Writing in 1989, Tierney could only glimpse the extent to which that struggle for democracy would become a global one. Your focus today on globalization aptly reflects the responsibility of the academy to prepare students to live and work in a time when all points on the globe are so connected that we can follow instantaneously events as terrible as the bombings earlier this month in Kenya, Tanzania, and Ireland and as wonderful as the discovery of life near thermal jets on the ocean floor beyond the reach of photosynthesis. As we track the progress of the Asian economic flu into Russia and wait for it to strike the U.S., we know that we live in a global economy.

As you talk today, and perhaps throughout the year, about the implications of globalization for the curriculum at Hampton, I beg attention to the importance of foreign language study. It seems odd that during the past decade or so, when many colleges and universities have emphasized global dimensions in disciplines such as history, literature, economics, music, and art, they have simultaneously lessened foreign language requirements in the curriculum. We should listen to Carolyn Reid-Wallace’s admonition in her essay on the “The Promise of American Life.” She writes that “It is not enough to learn the grammar and syntax of a foreign language; one must learn to speak the language fluently, and one must read great literature written in that language.” I encourage the students who are here today to seize the opportunity to learn a new language not only for its practical uses but also to experience the pride of mastering what is for some a difficult subject and for the joy of reading great literature in its original tongue. Know, too, that it is through language study that multiculturalism gains its tongue.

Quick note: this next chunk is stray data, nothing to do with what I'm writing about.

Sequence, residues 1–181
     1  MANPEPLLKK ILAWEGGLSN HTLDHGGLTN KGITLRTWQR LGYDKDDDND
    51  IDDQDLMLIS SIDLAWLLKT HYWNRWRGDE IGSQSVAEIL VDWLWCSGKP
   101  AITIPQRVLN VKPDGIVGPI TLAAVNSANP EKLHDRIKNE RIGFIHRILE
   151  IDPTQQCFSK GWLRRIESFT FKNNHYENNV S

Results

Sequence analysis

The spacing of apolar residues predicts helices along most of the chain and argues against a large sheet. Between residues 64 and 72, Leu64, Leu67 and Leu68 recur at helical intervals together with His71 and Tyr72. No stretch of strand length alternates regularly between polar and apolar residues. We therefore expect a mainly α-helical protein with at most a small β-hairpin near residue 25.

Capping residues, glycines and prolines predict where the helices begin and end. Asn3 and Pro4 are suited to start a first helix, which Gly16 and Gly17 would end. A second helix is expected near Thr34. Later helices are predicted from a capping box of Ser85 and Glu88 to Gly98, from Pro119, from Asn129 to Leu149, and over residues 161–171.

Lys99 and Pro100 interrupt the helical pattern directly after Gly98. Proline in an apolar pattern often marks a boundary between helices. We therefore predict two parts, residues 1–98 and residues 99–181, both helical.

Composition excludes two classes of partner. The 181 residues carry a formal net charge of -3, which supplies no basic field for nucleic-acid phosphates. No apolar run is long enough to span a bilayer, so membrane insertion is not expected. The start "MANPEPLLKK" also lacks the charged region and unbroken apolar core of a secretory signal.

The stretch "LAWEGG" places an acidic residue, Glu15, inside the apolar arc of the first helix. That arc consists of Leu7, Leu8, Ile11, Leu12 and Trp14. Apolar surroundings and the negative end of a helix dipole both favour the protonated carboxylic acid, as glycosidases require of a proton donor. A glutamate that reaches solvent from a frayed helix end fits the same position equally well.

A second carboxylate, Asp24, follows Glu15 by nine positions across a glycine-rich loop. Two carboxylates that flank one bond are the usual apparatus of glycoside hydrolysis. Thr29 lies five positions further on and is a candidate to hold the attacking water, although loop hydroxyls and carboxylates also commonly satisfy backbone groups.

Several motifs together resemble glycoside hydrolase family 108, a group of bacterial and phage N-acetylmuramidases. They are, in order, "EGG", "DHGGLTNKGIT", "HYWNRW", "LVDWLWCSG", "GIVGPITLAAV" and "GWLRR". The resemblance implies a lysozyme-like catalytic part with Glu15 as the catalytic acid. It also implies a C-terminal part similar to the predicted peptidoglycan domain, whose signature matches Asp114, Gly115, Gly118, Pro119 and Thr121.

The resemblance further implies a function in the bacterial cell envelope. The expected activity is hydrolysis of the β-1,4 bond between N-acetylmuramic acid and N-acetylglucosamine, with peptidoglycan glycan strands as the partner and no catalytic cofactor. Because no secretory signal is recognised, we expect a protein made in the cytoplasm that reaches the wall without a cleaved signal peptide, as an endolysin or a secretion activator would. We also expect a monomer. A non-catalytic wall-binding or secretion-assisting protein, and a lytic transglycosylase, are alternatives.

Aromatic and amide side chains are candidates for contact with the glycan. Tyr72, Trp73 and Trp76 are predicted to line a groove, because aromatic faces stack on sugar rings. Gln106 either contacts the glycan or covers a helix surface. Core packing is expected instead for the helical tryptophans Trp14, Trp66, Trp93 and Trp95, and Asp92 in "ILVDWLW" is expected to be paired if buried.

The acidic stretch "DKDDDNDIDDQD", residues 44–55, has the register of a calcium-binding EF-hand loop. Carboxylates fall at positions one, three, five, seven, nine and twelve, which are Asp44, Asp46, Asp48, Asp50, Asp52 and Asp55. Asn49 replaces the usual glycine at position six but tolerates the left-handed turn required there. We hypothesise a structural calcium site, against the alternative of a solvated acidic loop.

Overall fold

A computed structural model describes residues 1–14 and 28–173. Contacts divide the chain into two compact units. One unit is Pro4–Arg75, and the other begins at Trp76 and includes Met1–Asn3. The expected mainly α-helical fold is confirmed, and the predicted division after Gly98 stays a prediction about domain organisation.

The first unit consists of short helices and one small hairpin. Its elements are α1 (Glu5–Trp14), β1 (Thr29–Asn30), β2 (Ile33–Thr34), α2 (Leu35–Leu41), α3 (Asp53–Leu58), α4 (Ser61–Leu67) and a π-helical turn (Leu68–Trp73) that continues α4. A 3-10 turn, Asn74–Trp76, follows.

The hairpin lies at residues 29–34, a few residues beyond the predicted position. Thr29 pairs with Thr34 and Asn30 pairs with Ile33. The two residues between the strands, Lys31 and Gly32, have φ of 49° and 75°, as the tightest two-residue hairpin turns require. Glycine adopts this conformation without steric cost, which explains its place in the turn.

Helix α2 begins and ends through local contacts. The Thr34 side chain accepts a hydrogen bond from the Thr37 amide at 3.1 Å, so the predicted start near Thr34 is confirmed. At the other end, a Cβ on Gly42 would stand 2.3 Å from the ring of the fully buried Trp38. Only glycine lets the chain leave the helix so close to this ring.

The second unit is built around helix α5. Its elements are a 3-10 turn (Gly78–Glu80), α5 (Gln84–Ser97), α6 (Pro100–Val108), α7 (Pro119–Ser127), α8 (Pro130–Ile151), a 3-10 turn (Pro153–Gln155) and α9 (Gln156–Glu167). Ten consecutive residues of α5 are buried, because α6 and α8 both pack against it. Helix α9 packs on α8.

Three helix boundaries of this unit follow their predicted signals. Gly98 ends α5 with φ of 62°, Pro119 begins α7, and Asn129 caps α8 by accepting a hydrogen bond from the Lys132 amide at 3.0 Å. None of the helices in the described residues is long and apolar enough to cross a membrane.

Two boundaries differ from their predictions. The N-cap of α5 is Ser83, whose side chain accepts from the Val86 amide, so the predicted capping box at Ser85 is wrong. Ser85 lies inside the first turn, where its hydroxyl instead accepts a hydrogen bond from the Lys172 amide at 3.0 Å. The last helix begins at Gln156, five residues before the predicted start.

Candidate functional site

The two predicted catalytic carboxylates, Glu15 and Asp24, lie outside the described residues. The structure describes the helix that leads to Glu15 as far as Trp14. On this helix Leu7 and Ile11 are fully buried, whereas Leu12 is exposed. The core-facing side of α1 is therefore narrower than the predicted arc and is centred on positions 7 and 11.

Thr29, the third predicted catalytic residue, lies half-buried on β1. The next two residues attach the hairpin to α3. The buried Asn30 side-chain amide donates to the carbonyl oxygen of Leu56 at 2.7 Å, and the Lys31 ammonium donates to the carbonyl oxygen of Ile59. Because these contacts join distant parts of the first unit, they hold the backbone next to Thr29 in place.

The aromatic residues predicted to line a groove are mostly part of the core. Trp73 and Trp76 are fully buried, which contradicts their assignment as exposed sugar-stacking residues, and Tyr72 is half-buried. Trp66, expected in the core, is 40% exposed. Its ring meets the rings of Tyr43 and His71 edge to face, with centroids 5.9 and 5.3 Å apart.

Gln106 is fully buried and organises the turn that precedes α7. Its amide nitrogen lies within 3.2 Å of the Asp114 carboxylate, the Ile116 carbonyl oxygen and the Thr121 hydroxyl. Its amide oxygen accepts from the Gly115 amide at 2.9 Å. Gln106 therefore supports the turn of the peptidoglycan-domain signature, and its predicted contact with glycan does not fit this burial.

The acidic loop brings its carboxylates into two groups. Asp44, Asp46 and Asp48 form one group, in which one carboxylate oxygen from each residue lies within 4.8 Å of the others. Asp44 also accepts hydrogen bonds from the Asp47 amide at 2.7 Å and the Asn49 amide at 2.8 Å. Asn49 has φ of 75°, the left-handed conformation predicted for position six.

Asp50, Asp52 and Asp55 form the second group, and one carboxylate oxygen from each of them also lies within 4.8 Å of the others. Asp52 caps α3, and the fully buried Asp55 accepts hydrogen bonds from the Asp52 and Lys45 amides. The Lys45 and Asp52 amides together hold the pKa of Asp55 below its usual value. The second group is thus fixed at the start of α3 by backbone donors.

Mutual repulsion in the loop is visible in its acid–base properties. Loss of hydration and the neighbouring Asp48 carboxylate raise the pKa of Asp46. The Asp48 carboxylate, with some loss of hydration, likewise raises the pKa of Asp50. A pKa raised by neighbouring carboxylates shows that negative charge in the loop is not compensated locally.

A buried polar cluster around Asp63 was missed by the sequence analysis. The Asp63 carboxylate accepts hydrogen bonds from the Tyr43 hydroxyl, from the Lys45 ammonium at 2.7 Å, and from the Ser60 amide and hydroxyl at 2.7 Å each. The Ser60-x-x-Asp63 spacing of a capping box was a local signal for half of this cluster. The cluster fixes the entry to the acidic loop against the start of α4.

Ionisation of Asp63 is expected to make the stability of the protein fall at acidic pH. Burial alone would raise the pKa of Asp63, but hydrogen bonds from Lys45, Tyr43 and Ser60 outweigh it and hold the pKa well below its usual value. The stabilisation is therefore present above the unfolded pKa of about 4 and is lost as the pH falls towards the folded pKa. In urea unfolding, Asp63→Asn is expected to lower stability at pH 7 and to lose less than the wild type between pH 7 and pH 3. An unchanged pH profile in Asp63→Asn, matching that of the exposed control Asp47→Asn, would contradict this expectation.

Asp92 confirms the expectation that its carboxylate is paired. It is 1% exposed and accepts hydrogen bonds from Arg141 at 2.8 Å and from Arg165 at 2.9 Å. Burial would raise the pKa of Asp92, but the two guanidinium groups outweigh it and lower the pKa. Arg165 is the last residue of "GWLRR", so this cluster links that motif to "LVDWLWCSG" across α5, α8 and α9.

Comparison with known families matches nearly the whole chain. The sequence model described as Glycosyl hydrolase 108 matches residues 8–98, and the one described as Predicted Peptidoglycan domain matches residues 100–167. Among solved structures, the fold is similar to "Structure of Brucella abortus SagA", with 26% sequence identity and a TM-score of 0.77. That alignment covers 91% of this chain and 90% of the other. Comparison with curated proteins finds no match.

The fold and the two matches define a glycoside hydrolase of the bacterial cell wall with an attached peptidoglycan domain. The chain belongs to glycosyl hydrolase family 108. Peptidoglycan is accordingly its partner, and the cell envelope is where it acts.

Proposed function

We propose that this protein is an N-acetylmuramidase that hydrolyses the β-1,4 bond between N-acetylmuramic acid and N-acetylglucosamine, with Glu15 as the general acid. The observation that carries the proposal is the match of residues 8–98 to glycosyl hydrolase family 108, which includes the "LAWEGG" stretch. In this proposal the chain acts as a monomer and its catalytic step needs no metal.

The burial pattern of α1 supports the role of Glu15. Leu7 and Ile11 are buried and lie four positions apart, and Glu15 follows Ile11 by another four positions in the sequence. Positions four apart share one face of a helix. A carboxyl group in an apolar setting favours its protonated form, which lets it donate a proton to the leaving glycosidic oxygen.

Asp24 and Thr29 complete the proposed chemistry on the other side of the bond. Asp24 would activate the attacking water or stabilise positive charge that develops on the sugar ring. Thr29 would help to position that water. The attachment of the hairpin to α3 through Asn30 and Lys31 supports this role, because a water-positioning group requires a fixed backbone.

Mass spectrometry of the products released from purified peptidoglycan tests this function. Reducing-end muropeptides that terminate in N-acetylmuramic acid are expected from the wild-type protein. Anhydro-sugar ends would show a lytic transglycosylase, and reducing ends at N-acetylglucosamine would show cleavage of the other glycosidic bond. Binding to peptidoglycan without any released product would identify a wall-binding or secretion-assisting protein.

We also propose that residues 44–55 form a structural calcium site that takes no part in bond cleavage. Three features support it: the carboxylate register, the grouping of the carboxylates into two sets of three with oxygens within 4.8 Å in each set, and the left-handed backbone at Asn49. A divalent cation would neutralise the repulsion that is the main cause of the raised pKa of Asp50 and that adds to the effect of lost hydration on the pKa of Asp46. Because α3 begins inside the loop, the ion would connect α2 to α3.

To faculty and administrators, I would urge putting your principles to the tests of organizations such as the American Academy for Liberal Education. Future definitions inevitably emerge from the contentions of contemporary disputations and dialogues. To show leadership in American higher education and for all of American higher education, Hampton needs to take its place at the table of this wider conversation. I am confident that it has much to offer at that table and want to invoke your presence for the good of others even more than for your own good. Similarly, the Council of Higher Education’s study of general education in the commonwealth will benefit much from your thoughtful response, taking care to articulate the argument for scientific education as an essential component of liberal education.